The Navy trusted his abilities, and on March 3rd, 1931 he was promoted to the command of a destroyer squadron, which included the Nembo, Aquilone, Turbine and Euro and on which he requested the installation of the new control system. Tough training brought about the creation of a group of highly prepared crew. The results were excellent, and these systems, ever more perfected and sophisticated, were installed on many vessels of the Regia Marina. He left the squadron on November 15th, 1932.

Admiral Carlo Bergamini
(Photo U.S.M.M.)
Amongst his most important activities must be cited:

As Acting Sub-Lieutenant, he was assigned to the battleship “Regina Elena” (1909-1911), then to the R.N. Vector Pisani, headquarters of the torpedo boat section, on which he served during the Italo-Turkish war (9/29/1911). Aboard this ship, he participated in the first war actions in support of the landing of Italian troops in Cirenaica, and other activities during the 1911-1912 campaign.

Later, promoted to lieutenant, he served aboard the R.N. Pisa during WW I, first as the second fire control director and the as the first. In collaboration with the captain, he organized the naval defenses of Valona (1916). On October 2nd, 1918 he participated in the bombardment of Durazzo and, for his behaviors during this action, he was awarded the Silver Medal for Valor.

Still as a Lieutenant, he obtained his first command and, from February 1921 to January 1922, he commanded the torpedo boat 28 AS. Later, he was transferred to the battleship Doria as the first director of fire control where he stayed until September 27th, 1924.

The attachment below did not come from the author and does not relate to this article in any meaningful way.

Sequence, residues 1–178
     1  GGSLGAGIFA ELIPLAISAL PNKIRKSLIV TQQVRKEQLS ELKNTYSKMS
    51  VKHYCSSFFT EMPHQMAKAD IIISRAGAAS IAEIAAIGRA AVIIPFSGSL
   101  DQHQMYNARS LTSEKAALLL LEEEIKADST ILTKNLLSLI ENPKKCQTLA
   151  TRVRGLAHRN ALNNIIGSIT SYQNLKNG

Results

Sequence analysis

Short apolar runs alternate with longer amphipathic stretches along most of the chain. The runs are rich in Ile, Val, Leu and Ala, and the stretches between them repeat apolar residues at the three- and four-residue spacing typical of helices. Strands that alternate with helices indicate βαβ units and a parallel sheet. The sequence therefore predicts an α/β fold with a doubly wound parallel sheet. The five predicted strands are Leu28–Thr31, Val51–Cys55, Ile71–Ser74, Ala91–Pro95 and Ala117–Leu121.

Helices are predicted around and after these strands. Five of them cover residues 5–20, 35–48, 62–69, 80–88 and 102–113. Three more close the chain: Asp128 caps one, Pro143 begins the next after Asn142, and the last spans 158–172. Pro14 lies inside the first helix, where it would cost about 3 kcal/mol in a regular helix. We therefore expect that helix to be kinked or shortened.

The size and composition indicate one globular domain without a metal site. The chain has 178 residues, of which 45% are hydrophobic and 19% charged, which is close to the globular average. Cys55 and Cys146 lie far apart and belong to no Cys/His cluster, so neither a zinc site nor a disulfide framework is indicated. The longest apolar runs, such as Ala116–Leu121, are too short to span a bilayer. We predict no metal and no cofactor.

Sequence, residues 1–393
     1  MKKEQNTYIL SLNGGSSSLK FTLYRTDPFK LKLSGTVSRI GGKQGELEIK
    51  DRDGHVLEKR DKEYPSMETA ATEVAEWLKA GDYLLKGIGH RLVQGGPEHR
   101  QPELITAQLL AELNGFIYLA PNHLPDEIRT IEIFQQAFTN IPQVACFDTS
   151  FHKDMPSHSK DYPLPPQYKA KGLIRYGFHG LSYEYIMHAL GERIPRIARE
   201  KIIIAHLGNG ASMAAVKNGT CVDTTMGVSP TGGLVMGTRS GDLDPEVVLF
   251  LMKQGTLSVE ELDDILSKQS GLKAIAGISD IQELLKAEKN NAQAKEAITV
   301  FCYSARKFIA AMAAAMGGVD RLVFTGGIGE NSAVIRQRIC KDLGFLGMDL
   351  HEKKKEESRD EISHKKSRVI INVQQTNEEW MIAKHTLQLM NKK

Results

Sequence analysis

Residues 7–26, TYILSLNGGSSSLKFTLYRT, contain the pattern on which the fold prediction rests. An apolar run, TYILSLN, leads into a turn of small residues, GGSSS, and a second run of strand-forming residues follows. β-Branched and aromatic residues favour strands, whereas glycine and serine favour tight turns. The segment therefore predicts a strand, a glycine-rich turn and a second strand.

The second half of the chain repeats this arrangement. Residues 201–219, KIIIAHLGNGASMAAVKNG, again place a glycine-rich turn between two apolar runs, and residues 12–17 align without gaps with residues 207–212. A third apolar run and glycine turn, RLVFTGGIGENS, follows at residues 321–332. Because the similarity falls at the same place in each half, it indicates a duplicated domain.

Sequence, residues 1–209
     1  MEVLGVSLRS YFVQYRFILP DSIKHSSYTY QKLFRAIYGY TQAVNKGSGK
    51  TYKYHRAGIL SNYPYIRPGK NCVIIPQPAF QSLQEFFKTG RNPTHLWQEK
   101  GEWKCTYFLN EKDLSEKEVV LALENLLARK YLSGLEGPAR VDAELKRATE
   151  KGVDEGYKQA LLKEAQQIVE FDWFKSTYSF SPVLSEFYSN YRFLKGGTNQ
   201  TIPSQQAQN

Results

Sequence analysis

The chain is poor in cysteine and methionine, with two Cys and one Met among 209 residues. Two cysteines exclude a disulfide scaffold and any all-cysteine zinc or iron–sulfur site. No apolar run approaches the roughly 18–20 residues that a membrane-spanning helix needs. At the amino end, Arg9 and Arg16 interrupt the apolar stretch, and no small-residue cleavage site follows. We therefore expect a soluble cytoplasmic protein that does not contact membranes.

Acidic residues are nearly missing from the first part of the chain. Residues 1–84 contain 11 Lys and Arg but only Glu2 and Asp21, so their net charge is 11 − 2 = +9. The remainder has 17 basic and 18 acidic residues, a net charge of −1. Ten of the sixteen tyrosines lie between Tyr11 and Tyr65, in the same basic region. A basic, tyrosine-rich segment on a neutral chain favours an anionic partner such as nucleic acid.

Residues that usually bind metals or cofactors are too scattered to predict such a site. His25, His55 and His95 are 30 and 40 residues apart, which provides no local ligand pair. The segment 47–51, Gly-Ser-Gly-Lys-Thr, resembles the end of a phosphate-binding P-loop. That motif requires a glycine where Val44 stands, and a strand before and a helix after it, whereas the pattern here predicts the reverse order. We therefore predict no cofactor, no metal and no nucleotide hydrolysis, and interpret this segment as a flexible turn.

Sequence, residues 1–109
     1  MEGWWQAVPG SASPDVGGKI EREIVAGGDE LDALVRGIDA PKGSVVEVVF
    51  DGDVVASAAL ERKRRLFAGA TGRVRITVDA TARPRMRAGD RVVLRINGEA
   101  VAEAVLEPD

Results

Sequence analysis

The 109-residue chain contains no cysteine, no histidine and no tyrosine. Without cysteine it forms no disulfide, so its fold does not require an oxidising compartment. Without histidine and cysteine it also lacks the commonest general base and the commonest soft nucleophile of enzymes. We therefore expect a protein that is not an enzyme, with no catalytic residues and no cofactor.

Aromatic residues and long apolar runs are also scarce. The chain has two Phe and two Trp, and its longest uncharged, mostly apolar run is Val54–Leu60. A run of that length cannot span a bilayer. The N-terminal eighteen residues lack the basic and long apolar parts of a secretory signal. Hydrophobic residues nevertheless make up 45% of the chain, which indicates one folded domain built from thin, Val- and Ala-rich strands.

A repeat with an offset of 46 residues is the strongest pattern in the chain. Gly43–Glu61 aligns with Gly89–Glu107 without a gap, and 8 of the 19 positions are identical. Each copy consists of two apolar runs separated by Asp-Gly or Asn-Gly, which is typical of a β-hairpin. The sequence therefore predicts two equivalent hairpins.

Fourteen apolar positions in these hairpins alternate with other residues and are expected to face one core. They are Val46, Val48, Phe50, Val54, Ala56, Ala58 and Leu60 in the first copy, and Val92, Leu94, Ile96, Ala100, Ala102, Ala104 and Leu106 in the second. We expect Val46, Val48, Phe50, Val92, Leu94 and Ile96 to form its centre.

From June 1929 to July 1933, mostly due to his noticeable technical expertise in the field of naval artillery, he was assigned to the DGAAN (Direzione Generale Armi ed Armamenti Navali) at the Ministry of the Navy, where he distinguished himself for the level of dedication and for the results obtained in solving numerous problems relative to the weaponry in use by the Regia Marina.

In 1932, he was assigned to the destroyer Leone as commander of the squadron, which also included the Tigre and Pantera.
In 1934, he was promoted to Captain and, from November 1934 to March 1936, he was assigned to the S.M. (Stato Maggiore) of the 2nd Naval Squadron then under the command of Admiral Denti di Piraino of whom he became a close assistant. He was first assigned to the cruiser Giovanni dalle Bande Nere and then the cruiser Duca d’Aosta.

In August 1937, he was once again called to the Ministry of the Navy.